Oba of peace and tranquility
The Oba of Benin is truly a monarch after my heart. Omo N’Oba N’Edo Uku Akpolokpolo, Oba Ewuare II will be four years on the throne of his ancestors in October this year. And he will have something to celebrate. In so short a time, he has recorded many outstanding achievements. Not the least of them was the speed with which this former diplomat sent land grabbers, robbers, kidnappers and cultists out of Benin to pave way for peace and rapid development in the land.
Another major achievement which entitles him to a bragging right is the war he has so far, almost successfully, waged against human traffickers who made prostitution, at home and abroad, especially in Italy a flourishing but tragic industry.
This stigma of a trade was, for the new monarch, an unbearable abomination, some egregious oddity that must have riled his ancestors for long. Oba atokpeehi! May you live long.
Commendable as these giant strides are, they don’t, in my estimation, equal the single but the most lasting feat he recorded last week. A governorship election is around the corner in Edo State. It is no longer news that this electoral battle promises to upstage all other governorship elections in recent history in terms of violence – the fire and the brimstone that the gladiators have promised to unleash to secure victory.
But His Royal Majesty, the Oba of peace and tranquility, has vowed it would not happen in his kingdom and in his own time. In July, he led a delegation of his chiefs to the Villa to see President Muhammadu Buhari, not to seek his support and endorsement for the incumbent governor as some other traditional rulers are wont to do. No, he went there to complain about the war mongering activities of the two major gladiators, Comrade Adams Oshiomhole, former governor of the state and erstwhile national chairman of the ruling All Progressives Congress, APC and the incumbent governor, Godwin Obaseki, one time friend, now foe,who are hell bent on setting his kingdom on fire. The pre-election violence is like a civil war with each party accusing the other of importing thugs and professional killers from some states famous for being the citadels of electoral crimes and criminalities where thugs kill and maim without consequence.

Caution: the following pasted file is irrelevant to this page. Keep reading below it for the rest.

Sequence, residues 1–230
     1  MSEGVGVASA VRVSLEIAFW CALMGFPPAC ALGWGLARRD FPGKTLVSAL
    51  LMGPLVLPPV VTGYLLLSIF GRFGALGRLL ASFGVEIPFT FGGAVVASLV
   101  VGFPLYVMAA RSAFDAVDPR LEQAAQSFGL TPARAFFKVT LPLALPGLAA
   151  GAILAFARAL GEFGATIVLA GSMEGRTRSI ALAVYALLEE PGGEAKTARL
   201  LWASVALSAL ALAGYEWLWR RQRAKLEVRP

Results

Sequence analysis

On his return to Benin, this quintessential diplomat-turned Oba moved almost with the speed of light and summoned the state’s major gladiators for some tongue. Comrade Oshiomhole, in his trademark labour union outfit, and his protegee Pastor Osagie Ize-Iyamu, APC candidate, came in and took their seats.
Governor Obaseki was accompanied by his deputy, Phillip Shaibu. Present for some strategic reasons was ex-chairman of the All Progressives Congress former governor, John Odigie Oyegun. They all waited patiently, apparently looking contrite but tensed, while the monarch took some time to make his royal entry into the chamber and unto his throne.
It was indeed a significant day in the life of the kingdom and the Oba said so himself. Courtesy of Channel Television, it was also a spectacle to behold. After some pleasantries, the Oba went straight to the point. He was shocked and saddened by the turn of events in the state. In the last few months, the state, he said, had been in the news for all the wrong reasons. What he thought was going to be marked by tranquility had turned into an unprecedented conflict and he would not have it anymore. Enough, he said, was enough.
But before he proceeded with the tongue-lashing, he gave some background to the crisis. He said he was close to the gladiators and he was privy to the process that produced Obaseki as Oshiomhole’s successor.
When his opinion was sought by the out-going governor some four years ago, he did not say any word. But Governor Oshiomhole persisted. He even got businessman Aliko Dangote to speak to the Oba. The richest man in Africa pressed the Oba to speak out on the matter so they would know what he thought about the choice of Obaseki but still mum was the word until Aliko offered to stand in as surety for Obaseki in case he failed to perform.